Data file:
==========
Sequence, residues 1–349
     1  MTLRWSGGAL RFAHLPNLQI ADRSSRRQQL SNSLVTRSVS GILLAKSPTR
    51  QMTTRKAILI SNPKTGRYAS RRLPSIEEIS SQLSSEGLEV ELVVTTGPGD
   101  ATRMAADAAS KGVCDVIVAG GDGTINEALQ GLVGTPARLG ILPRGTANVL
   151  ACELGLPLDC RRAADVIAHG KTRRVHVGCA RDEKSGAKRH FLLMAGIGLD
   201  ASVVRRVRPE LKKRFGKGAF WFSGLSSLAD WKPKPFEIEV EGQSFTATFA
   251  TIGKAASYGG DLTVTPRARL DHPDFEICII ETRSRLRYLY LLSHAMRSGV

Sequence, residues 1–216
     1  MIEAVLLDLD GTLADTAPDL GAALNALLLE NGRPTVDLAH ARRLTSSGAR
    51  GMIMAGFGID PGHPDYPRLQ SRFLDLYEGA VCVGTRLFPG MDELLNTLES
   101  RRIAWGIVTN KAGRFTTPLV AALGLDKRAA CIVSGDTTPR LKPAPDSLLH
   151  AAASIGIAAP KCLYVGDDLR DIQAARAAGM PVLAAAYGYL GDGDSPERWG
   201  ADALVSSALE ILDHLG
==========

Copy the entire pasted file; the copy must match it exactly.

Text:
Sequence, residues 1–349
     1  MTLRWSGGAL RFAHLPNLQI ADRSSRRQQL SNSLVTRSVS GILLAKSPTR
    51  QMTTRKAILI SNPKTGRYAS RRLPSIEEIS SQLSSEGLEV ELVVTTGPGD
   101  ATRMAADAAS KGVCDVIVAG GDGTINEALQ GLVGTPARLG ILPRGTANVL
   151  ACELGLPLDC RRAADVIAHG KTRRVHVGCA RDEKSGAKRH FLLMAGIGLD
   201  ASVVRRVRPE LKKRFGKGAF WFSGLSSLAD WKPKPFEIEV EGQSFTATFA
   251  TIGKAASYGG DLTVTPRARL DHPDFEICII ETRSRLRYLY LLSHAMRSGV

Sequence, residues 1–216
     1  MIEAVLLDLD GTLADTAPDL GAALNALLLE NGRPTVDLAH ARRLTSSGAR
    51  GMIMAGFGID PGHPDYPRLQ SRFLDLYEGA VCVGTRLFPG MDELLNTLES
   101  RRIAWGIVTN KAGRFTTPLV AALGLDKRAA CIVSGDTTPR LKPAPDSLLH
   151  AAASIGIAAP KCLYVGDDLR DIQAARAAGM PVLAAAYGYL GDGDSPERWG
   201  ADALVSSALE ILDHLG